Mental Toughness is one of the most important concepts any of us have to understand. It is a significant factor in our wellbeing, our attainment, our ability to manage change and in our ability to aspire to be contented individuals.
It is misunderstood. Sadly, this includes many of those who claim expertise in its application.
Granted, the term “toughness” can contribute to this. People see this and assume we are talking about the ability to be aggressive and to “tough” our way through life.
Mental Toughness is the correct psychological term for what it is. But the toughness bit was drawn from physics and the properties of materials, especially metals. It describes the ability to rebound if bent out of shape and to reform if needed to be in a different form.
Professor Peter Clough describes it as “being comfortable in your own skin”. He is describing our mental responses to what happens to us and around us. This is usually the first, invisible response/ when something occurs that then influences other responses – especially the ones we can often see – the behavioural and emotional responses.
We know it has eight components or factors. We describe them later.
Mental Toughness can be considered a composite of resilience (surviving past adversity) and positivity (embracing the opportunity available now and in the future). Together they enable us to thrive.
It describes a form of stoicism. Life is full of ups and downs. Good moments and bad moments. With a resilient and positive mental approach, we can take all in our stride and manage our response to all of those events.
So why is the “cold shower” solution, and others of its type, offered by some?
This lies partly in the mistaken belief that being mentally tough is always good and everyone should be more mentally tough.
There is an advantage in being mentally tough in many situations but this often only remains an advantage where the individual is self-aware about their level and patterns of mental toughness. The reality is that most of us have elements of mental toughness and, its opposite, mental sensitivity in our make-up.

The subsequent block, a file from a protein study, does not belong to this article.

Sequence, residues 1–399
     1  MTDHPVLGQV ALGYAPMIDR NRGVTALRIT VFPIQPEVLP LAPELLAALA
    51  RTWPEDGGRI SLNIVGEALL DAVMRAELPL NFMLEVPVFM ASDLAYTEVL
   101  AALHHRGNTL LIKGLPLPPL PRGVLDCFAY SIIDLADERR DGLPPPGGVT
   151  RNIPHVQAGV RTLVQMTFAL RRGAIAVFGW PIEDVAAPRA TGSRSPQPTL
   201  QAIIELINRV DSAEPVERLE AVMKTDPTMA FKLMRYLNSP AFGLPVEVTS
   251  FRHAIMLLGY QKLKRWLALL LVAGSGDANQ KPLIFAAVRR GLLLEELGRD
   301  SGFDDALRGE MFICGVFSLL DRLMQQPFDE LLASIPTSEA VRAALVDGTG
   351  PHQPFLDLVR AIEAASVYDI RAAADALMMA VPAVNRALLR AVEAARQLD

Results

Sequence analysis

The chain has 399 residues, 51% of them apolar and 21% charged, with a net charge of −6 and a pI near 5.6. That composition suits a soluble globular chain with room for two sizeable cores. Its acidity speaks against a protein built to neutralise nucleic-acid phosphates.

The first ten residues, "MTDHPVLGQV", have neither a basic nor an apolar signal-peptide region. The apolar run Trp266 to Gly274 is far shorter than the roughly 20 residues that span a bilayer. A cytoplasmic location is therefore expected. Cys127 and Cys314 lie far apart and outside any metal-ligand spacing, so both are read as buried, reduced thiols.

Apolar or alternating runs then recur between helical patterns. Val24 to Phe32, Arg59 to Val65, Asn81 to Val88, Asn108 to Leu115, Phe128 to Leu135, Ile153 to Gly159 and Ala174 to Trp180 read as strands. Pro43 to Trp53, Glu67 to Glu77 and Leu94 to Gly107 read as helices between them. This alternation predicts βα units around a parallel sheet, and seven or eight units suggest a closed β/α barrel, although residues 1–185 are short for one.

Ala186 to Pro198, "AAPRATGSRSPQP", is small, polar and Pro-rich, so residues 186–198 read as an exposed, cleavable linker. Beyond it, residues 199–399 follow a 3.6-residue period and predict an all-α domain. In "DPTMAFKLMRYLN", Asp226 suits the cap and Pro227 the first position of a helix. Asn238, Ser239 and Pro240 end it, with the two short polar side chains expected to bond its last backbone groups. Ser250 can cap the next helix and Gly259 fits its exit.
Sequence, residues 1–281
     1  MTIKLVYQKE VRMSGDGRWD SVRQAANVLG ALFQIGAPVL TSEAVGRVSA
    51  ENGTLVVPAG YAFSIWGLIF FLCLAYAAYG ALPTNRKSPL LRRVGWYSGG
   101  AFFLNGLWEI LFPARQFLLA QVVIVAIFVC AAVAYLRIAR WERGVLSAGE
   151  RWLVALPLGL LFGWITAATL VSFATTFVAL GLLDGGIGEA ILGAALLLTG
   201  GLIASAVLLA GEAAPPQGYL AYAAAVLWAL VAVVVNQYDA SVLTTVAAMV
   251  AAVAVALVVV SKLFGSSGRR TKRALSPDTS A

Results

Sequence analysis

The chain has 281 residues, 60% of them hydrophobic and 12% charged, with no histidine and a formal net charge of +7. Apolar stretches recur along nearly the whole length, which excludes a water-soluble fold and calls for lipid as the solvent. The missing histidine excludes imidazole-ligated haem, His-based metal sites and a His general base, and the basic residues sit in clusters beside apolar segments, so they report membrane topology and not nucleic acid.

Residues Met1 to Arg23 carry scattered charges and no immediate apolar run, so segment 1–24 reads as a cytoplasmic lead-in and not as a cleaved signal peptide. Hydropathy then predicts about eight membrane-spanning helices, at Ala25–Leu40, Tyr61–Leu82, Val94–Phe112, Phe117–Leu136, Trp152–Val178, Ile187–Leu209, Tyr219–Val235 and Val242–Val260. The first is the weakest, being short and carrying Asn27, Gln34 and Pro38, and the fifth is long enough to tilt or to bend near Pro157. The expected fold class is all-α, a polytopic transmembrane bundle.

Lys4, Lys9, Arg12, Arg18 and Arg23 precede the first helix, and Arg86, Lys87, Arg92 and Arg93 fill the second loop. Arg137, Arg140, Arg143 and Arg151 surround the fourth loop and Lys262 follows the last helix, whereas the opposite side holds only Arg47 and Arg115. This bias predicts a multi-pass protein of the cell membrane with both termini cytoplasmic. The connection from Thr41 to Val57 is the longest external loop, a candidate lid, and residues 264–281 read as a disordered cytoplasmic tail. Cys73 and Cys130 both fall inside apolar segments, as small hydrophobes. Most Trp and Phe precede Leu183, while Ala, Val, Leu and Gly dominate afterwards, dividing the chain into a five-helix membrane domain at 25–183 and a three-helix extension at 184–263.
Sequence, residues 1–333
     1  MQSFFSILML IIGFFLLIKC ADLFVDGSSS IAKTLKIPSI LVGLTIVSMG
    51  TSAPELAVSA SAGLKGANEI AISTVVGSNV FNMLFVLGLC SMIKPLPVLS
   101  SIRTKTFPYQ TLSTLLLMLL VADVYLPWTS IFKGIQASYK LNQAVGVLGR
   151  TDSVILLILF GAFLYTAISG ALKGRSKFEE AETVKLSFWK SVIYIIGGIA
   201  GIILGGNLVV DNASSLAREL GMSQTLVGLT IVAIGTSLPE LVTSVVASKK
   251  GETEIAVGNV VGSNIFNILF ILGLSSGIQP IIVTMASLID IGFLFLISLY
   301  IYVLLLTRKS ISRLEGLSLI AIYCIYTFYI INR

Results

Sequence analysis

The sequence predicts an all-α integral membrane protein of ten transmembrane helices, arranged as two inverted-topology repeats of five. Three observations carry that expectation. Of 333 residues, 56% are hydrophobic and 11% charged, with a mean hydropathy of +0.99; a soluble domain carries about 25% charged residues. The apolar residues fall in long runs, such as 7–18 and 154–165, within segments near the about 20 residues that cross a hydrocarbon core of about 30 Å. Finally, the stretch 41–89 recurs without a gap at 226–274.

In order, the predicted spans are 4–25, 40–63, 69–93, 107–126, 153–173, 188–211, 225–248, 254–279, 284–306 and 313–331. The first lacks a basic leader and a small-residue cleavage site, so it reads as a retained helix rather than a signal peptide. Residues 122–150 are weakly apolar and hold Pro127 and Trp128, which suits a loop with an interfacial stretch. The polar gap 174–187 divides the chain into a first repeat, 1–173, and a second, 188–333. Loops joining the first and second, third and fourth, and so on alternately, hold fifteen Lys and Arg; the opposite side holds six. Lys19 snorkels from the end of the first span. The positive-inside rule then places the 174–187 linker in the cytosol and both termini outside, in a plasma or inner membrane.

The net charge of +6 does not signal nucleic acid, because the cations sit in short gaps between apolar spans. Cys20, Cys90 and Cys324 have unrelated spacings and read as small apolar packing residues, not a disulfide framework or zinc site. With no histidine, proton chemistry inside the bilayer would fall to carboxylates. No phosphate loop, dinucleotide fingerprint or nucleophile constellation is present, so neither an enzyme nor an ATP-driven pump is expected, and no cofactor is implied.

Indeed, although mental sensitivity can be disadvantageous in some settings, it does have advantages and, once again, self-awareness is important here. If we understand our areas of mental sensitivity, we can understand how to minimise any downside and understand which coping strategies can help us optimise.
When it comes to being able to handle “tough things” like running a marathon or having a cold shower or cold water swimming, research shows that people who do this are often no more mentally tough than most people anyway.
In fact, research shows that marathon runners run marathons because they like running marathons. What is so tough about that?
Another colleague, Dr John Perry, often describes mental toughness in terms of “having the mental approach to do something that you would otherwise find somehow disagreeable”.
It must be your challenge, your purpose, not someone else’s.
If someone likes cold showers and is happy to have them, it isn’t very appropriate to exhort others to take cold showers to “help” to make them “more mentally tough”.
In fact, we know of one example where a motivational speaker finished their presentation with the big tip – “take cold showers!” and the response was to intimidate many of the audience, not inspire them.
This illustrates two things. Firstly, some may not truly understand what mental toughness is and, secondly, they don’t understand that we are all different and even if this worked for one person, there is no guarantee it would work for anyone else.